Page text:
While the invention has been described in connection with charge transfer devices constituted of P-type conductivity substrates, N-type conductivity substrates could as well be used. Of course, in such as case the applied potentials, regions of opposite conductivity type in the substrate and carrier types would be reversed in polarity.

While the invention has been described in a specific embodiment, it will be appreciated that modifications may be made by those skilled in the art, and it is intended by the appended claims to cover all such modifications and changes as fall within the true spirit and scope of the invention.

Patent Citations
Cited PatentFiling datePublication dateApplicantTitle
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US4150304 *Mar 14, 1978Apr 17, 1979Hughes Aircraft CompanyCCD Comparator
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Referenced by
Citing PatentFiling datePublication dateApplicantTitle
US4639678 *Dec 30, 1983Jan 27, 1987International Business Machines CorporationAbsolute charge difference detection method and structure for a charge coupled device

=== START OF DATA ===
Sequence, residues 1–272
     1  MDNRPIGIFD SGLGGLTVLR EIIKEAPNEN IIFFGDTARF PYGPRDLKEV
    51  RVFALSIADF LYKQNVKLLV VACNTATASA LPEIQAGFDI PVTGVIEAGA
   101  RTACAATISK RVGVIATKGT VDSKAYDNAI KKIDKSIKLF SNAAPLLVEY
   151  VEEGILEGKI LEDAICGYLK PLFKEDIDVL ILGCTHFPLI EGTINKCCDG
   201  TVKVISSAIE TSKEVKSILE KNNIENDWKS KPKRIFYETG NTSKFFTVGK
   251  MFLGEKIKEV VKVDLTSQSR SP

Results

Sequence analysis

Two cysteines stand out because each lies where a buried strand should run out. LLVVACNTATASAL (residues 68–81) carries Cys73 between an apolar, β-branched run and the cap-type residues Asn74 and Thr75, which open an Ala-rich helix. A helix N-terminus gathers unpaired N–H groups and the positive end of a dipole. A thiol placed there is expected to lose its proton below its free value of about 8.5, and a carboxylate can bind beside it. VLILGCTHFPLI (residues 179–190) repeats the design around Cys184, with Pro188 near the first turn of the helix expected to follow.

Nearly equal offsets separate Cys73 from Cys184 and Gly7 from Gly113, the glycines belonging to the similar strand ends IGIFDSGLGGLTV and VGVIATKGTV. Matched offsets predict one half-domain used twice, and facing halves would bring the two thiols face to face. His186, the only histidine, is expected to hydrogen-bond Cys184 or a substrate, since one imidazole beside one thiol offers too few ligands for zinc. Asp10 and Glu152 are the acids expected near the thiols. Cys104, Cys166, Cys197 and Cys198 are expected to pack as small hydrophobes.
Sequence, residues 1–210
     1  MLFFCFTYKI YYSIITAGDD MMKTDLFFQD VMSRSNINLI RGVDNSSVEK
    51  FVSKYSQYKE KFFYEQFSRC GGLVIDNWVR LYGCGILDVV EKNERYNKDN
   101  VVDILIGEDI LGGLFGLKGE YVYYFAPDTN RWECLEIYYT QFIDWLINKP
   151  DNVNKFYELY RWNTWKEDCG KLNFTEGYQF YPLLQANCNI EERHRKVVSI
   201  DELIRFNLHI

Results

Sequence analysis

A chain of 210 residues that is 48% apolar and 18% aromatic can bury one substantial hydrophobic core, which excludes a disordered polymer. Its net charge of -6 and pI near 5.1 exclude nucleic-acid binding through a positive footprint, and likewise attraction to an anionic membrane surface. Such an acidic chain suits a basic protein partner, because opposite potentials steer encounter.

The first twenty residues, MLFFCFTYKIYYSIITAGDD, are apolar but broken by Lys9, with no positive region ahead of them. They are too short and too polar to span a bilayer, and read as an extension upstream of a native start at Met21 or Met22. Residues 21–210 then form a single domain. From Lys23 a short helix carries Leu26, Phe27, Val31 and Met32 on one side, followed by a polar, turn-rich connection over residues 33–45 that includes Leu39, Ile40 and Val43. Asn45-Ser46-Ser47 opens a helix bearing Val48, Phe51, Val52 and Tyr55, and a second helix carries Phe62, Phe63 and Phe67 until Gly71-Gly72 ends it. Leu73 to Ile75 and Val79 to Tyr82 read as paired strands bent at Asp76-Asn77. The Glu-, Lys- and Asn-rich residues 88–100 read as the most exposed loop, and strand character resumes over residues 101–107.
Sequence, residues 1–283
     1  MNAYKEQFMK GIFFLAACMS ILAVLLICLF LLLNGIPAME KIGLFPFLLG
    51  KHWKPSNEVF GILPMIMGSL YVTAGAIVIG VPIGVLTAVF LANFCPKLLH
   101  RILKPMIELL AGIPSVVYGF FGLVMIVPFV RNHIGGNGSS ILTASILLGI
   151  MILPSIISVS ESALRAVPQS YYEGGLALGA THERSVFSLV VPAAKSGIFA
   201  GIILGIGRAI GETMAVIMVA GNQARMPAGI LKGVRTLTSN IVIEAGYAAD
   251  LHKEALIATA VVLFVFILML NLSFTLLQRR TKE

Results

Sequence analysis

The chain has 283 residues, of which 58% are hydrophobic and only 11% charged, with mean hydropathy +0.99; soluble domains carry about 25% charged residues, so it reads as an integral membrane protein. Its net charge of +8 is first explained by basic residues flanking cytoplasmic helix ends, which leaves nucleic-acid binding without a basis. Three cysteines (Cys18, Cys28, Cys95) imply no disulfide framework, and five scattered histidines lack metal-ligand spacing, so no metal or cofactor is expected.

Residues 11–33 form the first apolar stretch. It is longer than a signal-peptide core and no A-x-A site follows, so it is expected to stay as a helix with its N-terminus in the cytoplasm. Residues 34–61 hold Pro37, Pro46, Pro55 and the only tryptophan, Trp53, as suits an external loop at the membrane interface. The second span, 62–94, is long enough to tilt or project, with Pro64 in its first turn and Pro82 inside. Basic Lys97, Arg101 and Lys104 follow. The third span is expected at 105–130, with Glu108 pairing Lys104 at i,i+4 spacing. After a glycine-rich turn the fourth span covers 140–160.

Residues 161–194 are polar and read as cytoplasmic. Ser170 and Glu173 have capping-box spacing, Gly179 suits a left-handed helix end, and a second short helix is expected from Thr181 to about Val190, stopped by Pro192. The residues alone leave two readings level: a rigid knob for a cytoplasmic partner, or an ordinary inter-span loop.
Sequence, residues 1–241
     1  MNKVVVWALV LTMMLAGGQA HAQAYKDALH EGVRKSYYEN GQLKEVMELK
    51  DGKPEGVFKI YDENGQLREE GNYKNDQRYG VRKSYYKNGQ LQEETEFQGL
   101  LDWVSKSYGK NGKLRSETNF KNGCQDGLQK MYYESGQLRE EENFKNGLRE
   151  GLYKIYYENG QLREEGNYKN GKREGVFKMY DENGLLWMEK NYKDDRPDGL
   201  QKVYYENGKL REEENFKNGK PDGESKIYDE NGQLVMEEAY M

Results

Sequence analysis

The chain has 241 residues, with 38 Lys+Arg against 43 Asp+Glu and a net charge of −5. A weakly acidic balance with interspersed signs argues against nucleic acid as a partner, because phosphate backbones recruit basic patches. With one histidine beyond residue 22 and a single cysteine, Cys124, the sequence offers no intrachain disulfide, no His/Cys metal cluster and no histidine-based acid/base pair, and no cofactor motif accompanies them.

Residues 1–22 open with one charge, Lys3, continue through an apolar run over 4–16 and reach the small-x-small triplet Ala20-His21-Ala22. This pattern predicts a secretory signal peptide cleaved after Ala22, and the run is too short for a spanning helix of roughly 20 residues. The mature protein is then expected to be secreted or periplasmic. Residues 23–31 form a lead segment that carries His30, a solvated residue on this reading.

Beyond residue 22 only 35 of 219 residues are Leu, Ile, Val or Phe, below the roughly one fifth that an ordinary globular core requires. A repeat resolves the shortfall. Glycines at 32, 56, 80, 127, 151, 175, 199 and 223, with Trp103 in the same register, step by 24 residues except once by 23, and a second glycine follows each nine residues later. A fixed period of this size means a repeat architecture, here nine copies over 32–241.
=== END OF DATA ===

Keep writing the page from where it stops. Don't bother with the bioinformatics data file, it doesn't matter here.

US4716580 *Jun 18, 1985Dec 29, 1987Thomson-CsfCharge transfer analog comparator and devices using such a comparator
US4873561 *Apr 19, 1988Oct 10, 1989Wen David DHigh dynamic range charge-coupled device
US5332931 *Jun 24, 1991Jul 26, 1994Harris CorporationHigh speed differential comparator
US7626685 *Aug 5, 2008Dec 1, 2009Samsung Electronics Co., Ltd.Distance measuring sensors including vertical photogate and three-dimensional color image sensors including distance measuring sensors
CN101545771BMar 26, 2009May 30, 2012三星电子株式会社Distance measuring sensors and three-dimensional color image sensors
Classifications
U.S. Classification327/65, 327/63, 257/E29.229, 257/313
International ClassificationG01R19/00, H03K5/24, H01L29/768
Cooperative ClassificationH01L29/768, G01R19/0038, H03K5/249
European ClassificationH01L29/768, H03K5/24F4, G01R19/00D
Legal Events
DateCodeEventDescription
Jun 21, 1994FPAYFee payment
Year of fee payment: 12
Jun 29, 1990FPAYFee payment
Year of fee payment: 8
Jun 20, 1988ASAssignment
Owner name: RCA LICENSING CORPORATION, TWO INDEPENDENCE WAY, P
Free format text: LICENSE;ASSIGNOR:GENERAL ELECTRIC COMPANY;REEL/FRAME:004906/0664
Effective date: 19880615
Owner name: RCA LICENSING CORPORATION,NEW JERSEY
Apr 7, 1986FPAYFee payment
Year of fee payment: 4
Mar 23, 1981ASAssignment
Owner name: GENERAL ELECTRIC COMPANY, A CORP. OF NY.
Free format text: ASSIGNMENT OF ASSIGNORS INTEREST.;ASSIGNOR:ENGELER WILLIAM E.;REEL/FRAME:003874/0078
Effective date: 19810319